WASHINGTON -- A federal judge has delayed the lawsuit House Republicans brought against Attorney General Eric Holder over the Fast and Furious scandal, taking a shot at the House of Representatives in the process.
Given the current government shutdown, the Justice Department asked this week to delay proceedings in a lawsuit filed by the House Oversight Committee accusing Holder of contempt of Congress because he did not turn over documents in response to a subpoena related to a botched operation by the Bureau of Alcohol, Tobacco, Firearms and Explosives. The ATF operation, known as Fast and Furious, allowed weapons to flow into the hands of Mexican drug cartels. Led by Rep. Darrell Issa (R-Calif.), the House committee sued Holder to force the Justice Department to turn over the documents.
Lawyers for the Oversight Committee had opposed a delay to the proceedings and said it was "conceivable that appropriations will be restored" by an Oct. 15 court deadline. But the federal judge sided with the DOJ.
"There are no exigent circumstances in this case that would justify an order of the Court forcing furloughed attorneys to return to their desks," U.S. District Judge Amy Berman Jackson ordered. "Moreover, while the vast majority of litigants who now must endure a delay in the progress of their matters do so due to circumstances beyond their control, that cannot be said of the House of Representatives, which has played a role in the shutdown that prompted the stay motion."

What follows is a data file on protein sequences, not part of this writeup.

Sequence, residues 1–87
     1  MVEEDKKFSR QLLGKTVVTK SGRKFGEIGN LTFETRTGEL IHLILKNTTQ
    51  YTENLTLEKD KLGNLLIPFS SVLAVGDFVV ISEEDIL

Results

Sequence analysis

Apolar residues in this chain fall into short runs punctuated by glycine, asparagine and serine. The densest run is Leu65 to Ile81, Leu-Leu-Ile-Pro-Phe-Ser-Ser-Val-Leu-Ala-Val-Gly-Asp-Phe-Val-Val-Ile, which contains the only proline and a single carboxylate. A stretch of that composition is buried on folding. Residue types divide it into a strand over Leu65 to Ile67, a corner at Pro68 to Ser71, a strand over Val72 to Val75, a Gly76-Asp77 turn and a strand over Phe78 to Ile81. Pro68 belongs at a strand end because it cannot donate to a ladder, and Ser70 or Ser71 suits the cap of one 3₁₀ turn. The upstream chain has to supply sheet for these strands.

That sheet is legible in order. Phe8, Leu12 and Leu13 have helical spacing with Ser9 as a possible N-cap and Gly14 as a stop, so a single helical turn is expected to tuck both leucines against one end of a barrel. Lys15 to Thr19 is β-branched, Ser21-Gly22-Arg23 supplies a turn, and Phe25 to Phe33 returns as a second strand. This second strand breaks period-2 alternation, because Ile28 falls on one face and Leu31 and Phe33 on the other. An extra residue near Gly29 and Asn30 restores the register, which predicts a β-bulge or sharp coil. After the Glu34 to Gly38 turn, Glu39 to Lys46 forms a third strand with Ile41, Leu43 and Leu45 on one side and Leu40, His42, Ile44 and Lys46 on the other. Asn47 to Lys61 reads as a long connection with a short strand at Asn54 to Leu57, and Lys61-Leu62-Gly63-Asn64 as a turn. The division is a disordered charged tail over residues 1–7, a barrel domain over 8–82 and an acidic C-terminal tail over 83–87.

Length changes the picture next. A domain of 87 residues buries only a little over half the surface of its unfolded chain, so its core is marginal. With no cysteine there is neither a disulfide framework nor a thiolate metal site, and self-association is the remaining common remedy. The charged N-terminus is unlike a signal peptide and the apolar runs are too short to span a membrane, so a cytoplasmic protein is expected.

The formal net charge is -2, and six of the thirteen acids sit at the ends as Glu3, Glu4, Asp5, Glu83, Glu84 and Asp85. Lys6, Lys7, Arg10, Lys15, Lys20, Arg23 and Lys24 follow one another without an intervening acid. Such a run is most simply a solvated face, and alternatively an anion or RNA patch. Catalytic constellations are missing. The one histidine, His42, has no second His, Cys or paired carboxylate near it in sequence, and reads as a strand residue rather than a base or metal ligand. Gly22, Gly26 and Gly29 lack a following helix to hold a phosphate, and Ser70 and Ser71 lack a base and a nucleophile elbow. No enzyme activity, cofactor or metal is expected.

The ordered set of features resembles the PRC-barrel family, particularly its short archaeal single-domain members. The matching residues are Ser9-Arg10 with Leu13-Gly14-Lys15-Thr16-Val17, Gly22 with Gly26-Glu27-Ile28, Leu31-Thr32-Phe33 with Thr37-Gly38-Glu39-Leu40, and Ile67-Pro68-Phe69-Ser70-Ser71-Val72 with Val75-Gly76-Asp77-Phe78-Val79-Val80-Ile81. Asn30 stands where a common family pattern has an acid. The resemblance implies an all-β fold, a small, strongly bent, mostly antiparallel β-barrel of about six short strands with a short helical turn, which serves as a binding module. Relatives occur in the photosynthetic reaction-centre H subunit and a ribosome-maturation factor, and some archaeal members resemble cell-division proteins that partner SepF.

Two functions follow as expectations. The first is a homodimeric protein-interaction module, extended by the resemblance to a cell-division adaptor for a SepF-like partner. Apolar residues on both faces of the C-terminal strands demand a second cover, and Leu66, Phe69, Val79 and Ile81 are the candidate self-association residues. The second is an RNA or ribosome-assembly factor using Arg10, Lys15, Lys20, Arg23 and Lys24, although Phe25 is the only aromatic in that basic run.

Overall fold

Earlier this week, Jackson denied the DOJ's motion to dismiss the case altogether. The DOJ had argued that the judicial branch shouldn't get involved in squabbles between the executive and the legislative branches.
DOJ spokesman Brian Fallon, responding to the rejection of the department's request for dismissal before he and all other employees in the Justice Department's Office of Public Affairs were furloughed, said the decision "reflects only the determination that the court has jurisdiction to adjudicate the case. As the court specifically noted, this was not a decision about the validity of the assertion of executive privilege."